- If you’re just getting started, check out her Letter of the Week curriculum. We did this last year, when Grace was 3.
- If your student is 4, and you’re thinking about getting ready for kindergarten, check out Erica’s new K4 program. I just bought it tonight as I was preparing this post.
Last week, I reviewed Jolanthe’s Weekly Homeschool Planner. Her site, Homeschool Creations, features theme-based printables for preschoolers. You could use them to guide your studies by doing one theme each week or every other week.
Last year, I supplemented our Raising Rock Stars/Letter of the Week curricula with some of these thematic units for a well-rounded set of activities.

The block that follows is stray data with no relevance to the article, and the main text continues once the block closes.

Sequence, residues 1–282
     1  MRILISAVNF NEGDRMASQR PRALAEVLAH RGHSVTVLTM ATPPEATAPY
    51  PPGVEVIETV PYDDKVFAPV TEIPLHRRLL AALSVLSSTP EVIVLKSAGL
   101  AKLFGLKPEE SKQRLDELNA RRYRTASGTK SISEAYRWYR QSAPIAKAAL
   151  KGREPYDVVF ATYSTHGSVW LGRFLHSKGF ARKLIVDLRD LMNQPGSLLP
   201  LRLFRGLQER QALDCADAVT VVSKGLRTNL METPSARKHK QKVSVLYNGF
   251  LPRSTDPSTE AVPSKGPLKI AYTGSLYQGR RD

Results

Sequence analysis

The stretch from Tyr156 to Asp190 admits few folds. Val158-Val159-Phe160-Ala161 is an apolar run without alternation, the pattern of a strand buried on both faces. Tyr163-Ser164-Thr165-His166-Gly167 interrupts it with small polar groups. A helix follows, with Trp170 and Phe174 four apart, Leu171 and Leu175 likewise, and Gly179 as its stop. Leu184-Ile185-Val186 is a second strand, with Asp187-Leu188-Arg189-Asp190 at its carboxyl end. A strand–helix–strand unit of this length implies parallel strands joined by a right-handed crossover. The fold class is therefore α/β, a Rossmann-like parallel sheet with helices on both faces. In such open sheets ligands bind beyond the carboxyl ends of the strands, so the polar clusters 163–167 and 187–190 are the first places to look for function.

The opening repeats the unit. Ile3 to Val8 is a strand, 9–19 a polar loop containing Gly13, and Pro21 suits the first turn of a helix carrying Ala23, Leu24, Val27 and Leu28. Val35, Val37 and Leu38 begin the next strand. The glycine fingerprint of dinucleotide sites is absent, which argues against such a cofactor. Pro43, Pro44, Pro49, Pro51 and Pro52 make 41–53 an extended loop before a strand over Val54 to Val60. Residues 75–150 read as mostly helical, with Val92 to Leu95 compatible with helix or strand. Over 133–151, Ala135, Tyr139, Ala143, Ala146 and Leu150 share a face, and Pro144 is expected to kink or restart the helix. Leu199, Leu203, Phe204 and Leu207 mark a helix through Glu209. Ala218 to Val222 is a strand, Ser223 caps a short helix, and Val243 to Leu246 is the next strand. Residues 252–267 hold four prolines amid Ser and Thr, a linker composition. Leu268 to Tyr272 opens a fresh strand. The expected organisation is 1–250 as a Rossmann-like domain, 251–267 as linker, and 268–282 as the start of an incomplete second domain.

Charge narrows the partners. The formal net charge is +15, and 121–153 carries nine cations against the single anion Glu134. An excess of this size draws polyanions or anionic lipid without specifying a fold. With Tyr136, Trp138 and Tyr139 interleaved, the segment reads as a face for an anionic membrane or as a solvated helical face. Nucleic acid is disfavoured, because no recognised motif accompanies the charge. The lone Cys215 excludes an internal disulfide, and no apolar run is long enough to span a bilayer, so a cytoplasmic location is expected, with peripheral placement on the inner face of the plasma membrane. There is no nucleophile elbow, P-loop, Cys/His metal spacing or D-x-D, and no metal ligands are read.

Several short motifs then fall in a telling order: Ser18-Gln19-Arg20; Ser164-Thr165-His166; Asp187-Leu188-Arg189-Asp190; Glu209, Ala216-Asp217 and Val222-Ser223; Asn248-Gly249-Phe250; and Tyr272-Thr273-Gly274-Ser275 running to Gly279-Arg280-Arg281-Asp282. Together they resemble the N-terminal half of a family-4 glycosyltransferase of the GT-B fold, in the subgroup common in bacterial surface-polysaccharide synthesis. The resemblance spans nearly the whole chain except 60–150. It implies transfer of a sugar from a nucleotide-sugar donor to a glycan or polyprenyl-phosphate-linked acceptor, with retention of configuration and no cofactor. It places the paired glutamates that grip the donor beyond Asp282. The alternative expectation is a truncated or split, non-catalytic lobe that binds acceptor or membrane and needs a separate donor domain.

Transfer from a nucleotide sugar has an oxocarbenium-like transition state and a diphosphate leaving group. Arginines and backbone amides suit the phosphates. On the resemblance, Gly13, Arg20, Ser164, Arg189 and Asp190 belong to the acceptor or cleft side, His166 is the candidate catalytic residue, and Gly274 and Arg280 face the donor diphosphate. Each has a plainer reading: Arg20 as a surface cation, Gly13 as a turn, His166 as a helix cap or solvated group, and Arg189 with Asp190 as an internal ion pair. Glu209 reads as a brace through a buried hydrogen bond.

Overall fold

And then, of course, I added my own stuff in, too.
I haven’t personally tried this curriculum, but I did download and look at it. It is free.
It looks good. I think it will be a nice complement Carisa’s You Can Read program above.
Starfall is a free website that teaches phonics through games. It’s not a curriculum per se, but rather a site that will supplement your existing work.
Grace adores Starfall. She asks to “play” it almost as much as she asks to play Barbie dress up games.
Broken into 4 sections (ABC awareness to I’m Reading!), Starfall’s games are simple and fun. They work with word families by rhyming and using pictures. After every 2 games, there’s a story to read. A lot of the games and stories have downloadable versions as well.
The stories are my favorite part. Grace can click on any word to have the computer sound it out for her, letter by letter. It’s awesome! She’s largely able to do this by herself, a fact that brings her great pride.